Secondhand September: A UK Guide to Sustainable Fashion

It's Secondhand September, and today it's time to answer all the top questions about shopping sustainably, choosing preloved clothing, and why it's important to take part in the fight against fast fashion.  Get ready to discover all the answers in this special UK guide!

secondhand clothing including organic burnt orange mushroom design dress, pale blue crewneck embroidered jumper, and burgundy corduroy dungaree dress

What Is Secondhand September?

Second Hand September launched in 2019 when Oxfam put out a call to fight fast fashion.  The action started at Download Festival, and quickly picked up steam as changemakers around the world decided to take part.  Now, the month long event is supported by shops large and small and is promoted across social media as more and more people become inspired to shop smart.

What Can You Buy Secondhand?

The beauty of shopping secondhand is that it can be applied to literally anything in your life.  Kitchenware, clothes, garden, technology...  If you can buy it, you can find it preloved!

I almost always get a used mobile phone (my current one being the exception as it was a gift from my wonderful husband!), I shop pretty much exclusively secondhand for dresses, shirts, jackets, and other fashion items, and I love finding gently used vinyl records, quirky mugs, plant pots, books, and more.

And there are so many reasons why shopping secondhand is a great choice.

Spread Hummus Not Hate embroidered pale blue crew neck jumper worn by red haired woman
one of my 'new' secondhand finds is a jumper that had been on my wishlist for ages!

Why Choose Secondhand?

Choosing secondhand has a lot of benefits and can help slow the effects of overconsumption.  Shopping for used clothing especially can make a big difference over time, and that's why Second Hand September focuses on fashion.  However, picking preloved products in any area of your life brings a bundle of positives - just take a look!:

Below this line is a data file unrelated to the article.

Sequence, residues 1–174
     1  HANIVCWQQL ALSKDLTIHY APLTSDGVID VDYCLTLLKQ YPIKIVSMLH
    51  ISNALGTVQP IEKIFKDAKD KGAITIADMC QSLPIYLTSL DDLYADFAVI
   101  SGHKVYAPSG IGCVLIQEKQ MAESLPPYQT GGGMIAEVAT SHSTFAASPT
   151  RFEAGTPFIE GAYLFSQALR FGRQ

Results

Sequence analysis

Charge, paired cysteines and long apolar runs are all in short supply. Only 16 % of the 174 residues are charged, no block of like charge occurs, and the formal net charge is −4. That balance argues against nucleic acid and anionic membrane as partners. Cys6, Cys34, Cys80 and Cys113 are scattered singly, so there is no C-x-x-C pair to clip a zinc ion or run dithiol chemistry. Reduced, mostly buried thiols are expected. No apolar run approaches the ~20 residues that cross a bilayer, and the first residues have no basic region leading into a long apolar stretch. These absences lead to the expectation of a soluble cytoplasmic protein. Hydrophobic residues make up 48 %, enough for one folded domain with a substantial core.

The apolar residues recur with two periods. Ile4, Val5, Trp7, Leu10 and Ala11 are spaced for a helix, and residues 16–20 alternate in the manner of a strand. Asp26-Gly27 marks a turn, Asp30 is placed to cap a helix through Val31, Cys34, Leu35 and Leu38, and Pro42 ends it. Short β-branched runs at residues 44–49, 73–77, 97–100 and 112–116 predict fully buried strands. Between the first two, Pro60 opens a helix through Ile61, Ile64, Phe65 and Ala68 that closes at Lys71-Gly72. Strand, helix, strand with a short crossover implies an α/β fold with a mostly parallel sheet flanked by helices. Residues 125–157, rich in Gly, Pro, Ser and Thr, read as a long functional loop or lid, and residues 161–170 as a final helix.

• Reduce plastic pollution, textile trash, and hazardous waste:
    One reason for pushing for shopping secondhand is to cut down on waste.  In the UK alone, fast fashion contributes to over 200,000 tonnes of rubbish, electronics create 1.5 million tonnes of trash, and over 22 million pieces of furniture are tossed each year.  That's just the tip of the iceberg.

  • Change mindsets:
  • Is the price fair?  Well, if it is an ethical brand than it probably is well worth it as the price reflects higher wages, better materials, responsible designs, and improved work conditions.  However, as cheap products are so prevalent and people are conditioned to seek out 60% off sales and pick the bargains and brand names over craftmanship and mission statements, it's hard to justify the price tag to the general public.  By urging others to shop secondhand, we can start to shift this mindset and refocus on quality.

  • Save money:
    I don't want to quote Macklemore, but 50 quid for a t-shirt isn't always feasible when you are struggling to pay the bills, support a family, care for pets, or are on a student budget.  Even if buying sustainable is our goal it doesn't mean we can afford it - and that's where shopping secondhand helps!  You can find preloved pieces for a fraction of the cost, and often you can haggle a bit too!

  • Protect workers:
    As I mentioned, big brands often skimp on quality, but this goes for work conditions as well.  There have been far too many cases of employers (and corporations) failing to meet safety regulations, and the people pay that price.  From child labour and ties to ethnic cleansing to factory fires and abuse of women - the problems are far reaching and there is no end in sight.

  • Find something one of a kind:
    It's pretty embarrassing when you show up to an event wearing the exact same outfit as someone else, or you go to someone's house and you can't help but feel a little put out that their living room looks so similar to yours.  And what about those weird half laugh moments when you are at a cafe and you notice the mugs are a match to what are in your cupboards...  Buy shopping secondhand you avoid all of this, as the chances of someone finding the same vintage item as you are pretty minimal!  It's a great way to express yourself, and it's great fun picking design elements that suit your style.

secondhand clothes hanging up on a rail

Where Can You Find Secondhand Clothing in the UK?

Since Secondhand September largely focuses on choosing preloved clothes, today's guide will shine the spotlight on some of the best places to check out when searching for preloved fashion.  From apps and brick and mortar shops, there are solutions to suit everyone's budget and preferences!